September 29, 2008

So The House Bill Failed

Now maybe the Democrats can muster enough of a progressive attempt to truly insulate taxpayers from rescuing a bunch of money grubbing spoiled babies who pretty much got all the deregulatory green lights they wanted... for decades – BUT DON'T COUNT ON IT! The House last Wednesday agreed to allocate, according to September 24, 2008 NY Times article, “$612 billion for national defense programs in the fiscal year that starts Oct. 1” with $68 billion set aside for “operations in Iraq and Afghanistan over the next few months and would provide a 3.9 percent pay increase for military personnel, half a percentage point more than Mr. Bush requested.” The bill passed 392-39 – and went through without a murmur from anyone! Check out Chalmers Johnson piece in who wrote, "if we cannot cut back our longstanding ever increasing military spending in a major way, then the bankruptcy of the United States is inevitable."

So who the fuck are we kidding? This is NOT a functioning two-party political system but one corporate plutocracy with a bunch of bullying fascist pigs just waiting in the wings to declare martial law to save the day.

September 27, 2008

What Is Neoliberalism?

Listen to this interview with Wendy Brown conducted back in March of this year. And then read her 2006 essay "American Nightmare: Neoliberalism, Neoconservatism, and De-Democratization."

September 26, 2008

Libertarianism is in Denial

And I’m not just referring to making excuses for the self-destructive tendencies of unbridled deregulatory greed, or for sanctifying the incredible swelling of capital even when it comes at the expense of deepening inequalities which only translate into gaping discrepancies of institutional access and political power. Because underneath these all these denials lie a more fundamental trickery which comes to the fore once it is realized that if libertarians actually ever walked the balk they would turn their little venal crusade supposedly waged on behalf of “freedom” and “the individual” not just at government infrastructure and moral doctrine but at the “private” realm of concentrated power and wealth which dominates their own lives – as well as the very economy they want to liberate. In short, libertarians deny that the realities of overwhelming bureaucracies are not distinctly the work of “federal” planning but actually endemic to liberal capitalism itself, to both the “private” and “public” realms, where interest group bargaining and the forming of corporate cartels with high-priced lawyers have always been the norm. Ever hear of Frederick Winslow Taylor? JP Morgan? Henry Ford? Enron? The ugly truth is that the banking and financial sectors are themselves the absolute epitome of hierarchical command and control, mindless paper trails, and a bunch of middle-class stiffs in business suits whose job it is to serve The Man.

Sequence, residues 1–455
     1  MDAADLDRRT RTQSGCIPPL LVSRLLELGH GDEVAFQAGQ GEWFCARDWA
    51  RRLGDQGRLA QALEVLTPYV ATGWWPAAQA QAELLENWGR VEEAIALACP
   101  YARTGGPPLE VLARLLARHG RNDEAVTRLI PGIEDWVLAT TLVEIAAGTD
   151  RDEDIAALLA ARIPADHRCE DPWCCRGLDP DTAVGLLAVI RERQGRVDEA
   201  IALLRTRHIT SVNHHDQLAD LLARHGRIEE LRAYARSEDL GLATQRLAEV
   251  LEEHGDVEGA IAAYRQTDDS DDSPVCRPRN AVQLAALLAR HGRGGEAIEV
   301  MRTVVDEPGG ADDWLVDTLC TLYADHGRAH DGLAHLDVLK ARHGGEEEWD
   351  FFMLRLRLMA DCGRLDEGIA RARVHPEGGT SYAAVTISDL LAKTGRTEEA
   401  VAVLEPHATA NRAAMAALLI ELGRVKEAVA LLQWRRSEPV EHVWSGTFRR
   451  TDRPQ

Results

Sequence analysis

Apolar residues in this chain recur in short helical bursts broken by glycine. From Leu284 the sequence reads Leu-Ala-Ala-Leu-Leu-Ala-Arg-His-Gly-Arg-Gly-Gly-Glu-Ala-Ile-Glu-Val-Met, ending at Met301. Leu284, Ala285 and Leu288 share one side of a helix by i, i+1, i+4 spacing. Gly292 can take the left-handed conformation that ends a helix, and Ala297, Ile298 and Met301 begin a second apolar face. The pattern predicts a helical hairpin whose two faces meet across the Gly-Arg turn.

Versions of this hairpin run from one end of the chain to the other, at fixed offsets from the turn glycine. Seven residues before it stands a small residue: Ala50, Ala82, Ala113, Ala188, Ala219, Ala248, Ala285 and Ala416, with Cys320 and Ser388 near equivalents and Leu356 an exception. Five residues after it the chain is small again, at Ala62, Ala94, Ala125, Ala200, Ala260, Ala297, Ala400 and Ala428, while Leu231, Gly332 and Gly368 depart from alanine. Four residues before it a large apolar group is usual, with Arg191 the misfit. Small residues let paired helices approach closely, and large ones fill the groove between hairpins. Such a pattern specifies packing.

Of course, they may take home a nice pay check. That is the bottom line is it not? And why else would university departments – whole business schools even – be created and funded by private business through huge donations if not for the sole purpose of turning out data wielding control freaks steeped in the wisdom of Business Administration and Management, and who are to become foot soldiers for Hayekian class warfare? That sexy young libertarians also wear their kick-ass independence cred with honor is laughable however since the free-market panacea only pushes petty middle-class pursuits of private wealth where any and every facet of existence is subjected to charts, data, and schemes of all kinds, i.e., “the market,” in order to turn a fucking buck. Now how rad is that? And it’s not difficult at all to understand why libertarianism has so much appeal. When communitarian ethics have been rendered passé, as well as pinko socialism or any pretense for existential aesthetic rebellion, everything in the culture – especially what is “alternative” – gets marketed and ultimately normalized for mass consumption. To emphasize a point made time and time again by Thomas Frank, being blind to the primary ruling forces of business and to the totalizing expansion of corporate power which dominates social, cultural, and political possibilities is itself largely a product of those same commercial cultural industries.